David Cameron should not try to "bounce" the Commons into a fresh vote on UK military action in Syria next month, Andy Burnham has warned.
In his strongest signal yet that the Prime Minister could find it difficult to win his support, the Labour leadership contender told The Huffington Post UK that there was no "urgency" for a Parliamentary vote.
After weeks of speculation that Mr Cameron could try to win Labour backing within days of the new leader being elected, Mr Burnham said such a move would be "disrespectful" to the millions in the country who harboured doubts about extending airstrikes from Iraq to Syria.
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Both the Prime Minister and Defence Secretary Michael Fallon believe that there are sufficient legal grounds for extending the role of the RAF and special forces currently fighting against Islamic State, also known as ISIL or ISIS, in Iraq.
But in a wide-ranging interview with HuffPost UK, Mr Burnham made clear he felt that the lesson of Tony Blair's war in Iraq was that caution was needed and key tests had to be met.
“The tests are quite big. There’s a very large one about legality first, because it’s not like the 2013 situation [when Ed Miliband led his party to defeat Cameron on a parliamentary vote in Syria]. This isn’t an invitation by a democratic government to come in, is it? I’m struggling with that myself.
“I think the legality is quite a big one given Labour’s past, Chilcot. That is something that can’t be glossed over and shouldn’t be.”
Mr Cameron is keen to get Labour's backing but the Opposition effectively have a veto on military action under the convention that the Commons has to approve any new campaign first.
Many Labour MPs, and some Tories, are nervous about dragging the UK into a fresh quagmire in Syria, even though there are unlikely to be any "boots on the ground".
Mr Burnham added that he would not "rule out" supporting military action, stressing his party would "do the responsible thing".
"ISIL need to be disrupted, of course they do. We would look at it seriously."
But he added: “The message I would just send back to Cameron at this stage is: treat us with respect because it’s not about the Labour party. The Opposition is the country in this, we’ve got to test what they are saying on behalf of the country.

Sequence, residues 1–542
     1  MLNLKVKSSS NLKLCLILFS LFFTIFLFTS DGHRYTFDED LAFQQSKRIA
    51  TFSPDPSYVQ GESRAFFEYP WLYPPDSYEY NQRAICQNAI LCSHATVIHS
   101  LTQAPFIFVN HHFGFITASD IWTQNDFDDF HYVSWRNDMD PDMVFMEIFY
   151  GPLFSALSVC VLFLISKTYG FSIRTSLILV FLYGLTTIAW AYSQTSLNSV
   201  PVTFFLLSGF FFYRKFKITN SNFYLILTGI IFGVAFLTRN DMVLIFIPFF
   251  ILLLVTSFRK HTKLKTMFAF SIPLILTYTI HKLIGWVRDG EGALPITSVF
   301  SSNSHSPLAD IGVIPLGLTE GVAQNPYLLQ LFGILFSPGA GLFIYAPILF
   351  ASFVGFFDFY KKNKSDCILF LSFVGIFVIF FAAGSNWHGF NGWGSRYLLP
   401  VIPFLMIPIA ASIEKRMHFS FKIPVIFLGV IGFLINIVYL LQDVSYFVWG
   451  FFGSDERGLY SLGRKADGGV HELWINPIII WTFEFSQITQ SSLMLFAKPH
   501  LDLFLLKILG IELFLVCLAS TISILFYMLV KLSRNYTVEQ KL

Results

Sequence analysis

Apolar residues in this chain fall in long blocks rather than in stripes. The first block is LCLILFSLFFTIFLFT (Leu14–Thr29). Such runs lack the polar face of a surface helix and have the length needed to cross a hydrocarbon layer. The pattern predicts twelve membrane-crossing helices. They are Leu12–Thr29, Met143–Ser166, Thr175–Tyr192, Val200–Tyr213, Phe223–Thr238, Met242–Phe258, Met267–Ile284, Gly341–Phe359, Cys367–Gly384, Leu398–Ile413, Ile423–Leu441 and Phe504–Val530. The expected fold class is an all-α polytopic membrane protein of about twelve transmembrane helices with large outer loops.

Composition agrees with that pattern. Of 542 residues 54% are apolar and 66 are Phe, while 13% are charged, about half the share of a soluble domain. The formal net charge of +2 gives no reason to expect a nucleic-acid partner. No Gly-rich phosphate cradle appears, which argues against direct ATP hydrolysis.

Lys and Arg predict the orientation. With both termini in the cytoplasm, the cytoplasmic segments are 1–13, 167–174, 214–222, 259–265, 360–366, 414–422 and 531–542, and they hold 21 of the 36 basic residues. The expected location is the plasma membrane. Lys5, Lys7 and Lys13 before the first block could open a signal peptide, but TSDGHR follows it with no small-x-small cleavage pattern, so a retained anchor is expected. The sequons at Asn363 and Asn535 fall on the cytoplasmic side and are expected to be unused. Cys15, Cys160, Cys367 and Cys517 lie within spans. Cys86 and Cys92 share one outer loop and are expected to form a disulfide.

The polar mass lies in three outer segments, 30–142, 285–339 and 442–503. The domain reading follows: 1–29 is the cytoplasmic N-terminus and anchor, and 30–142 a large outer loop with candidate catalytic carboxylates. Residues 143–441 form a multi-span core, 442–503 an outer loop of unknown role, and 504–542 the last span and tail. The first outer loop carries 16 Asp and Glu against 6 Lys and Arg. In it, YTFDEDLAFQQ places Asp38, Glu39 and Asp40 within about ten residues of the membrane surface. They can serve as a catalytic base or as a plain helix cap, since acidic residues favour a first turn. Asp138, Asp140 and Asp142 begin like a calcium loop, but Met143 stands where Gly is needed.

“And if they try and bounce the Opposition into this they are not treating the country with respect. We had a swirl of gossip, Parliament was going to be recalled and then we hear the first week when the new Labour leader is elected, it’s going to be right back [in the Commons]. Personally, that would be disrespectful to the country.”
Labour's acting leader Harriet Harman and shadow foreign minister Dan Jarvis, a former soldier who is backing Mr Burnham's campaign, have already been briefed on the situation in Syria in a Downing Street meeting of the National Security Council.
It emerged this summer that some RAF pilots have already been embedded with US forces in action in Syria, prompting criticism for Tory as well as Labour, SNP and Lib Dem MPs.
Some military analysts have also suggested any UK involvement in Syria would only be of ‘symbolic’ rather than military value, given the size of the US forces:
Mr Burnham told HuffPost UK: “Symbolism sometimes is important in these matters to show there’s a bigger international effort and it’s not just the US versus the extremist forces.
“But I don’t see the urgency myself. I don’t see the urgency at the moment unless they can convince me why it has to be that week in September. I’m getting excellent advice from Dan [Jarvis].
"And it’s advice that is this: we are not scarred so much that we won’t say Labour should play its part where it’s justified, but I think people would expect me to learn the lessons of the last decade and proceed with caution and that’s what I will do.”
Asked about leadership rival Jeremy Corbyn’s recent remark that Tony Blair could be tried for "war crimes", Mr Burnham said: “I think that is a very provocative statement.
"We all lived through that period, it was an intense period where judgements were made. People can look back with hindsight, but it was an incredibly difficult period where the world felt like was in a huge state of flux post September 11.
“The thing people have got to remember is Tony Blair’s interventions relieved huge amounts of suffering in the Balkans, in Sierra Leone. We as a Labour party, let’s have a bigger picture and respect those who took difficult decisions.”Suggest a correction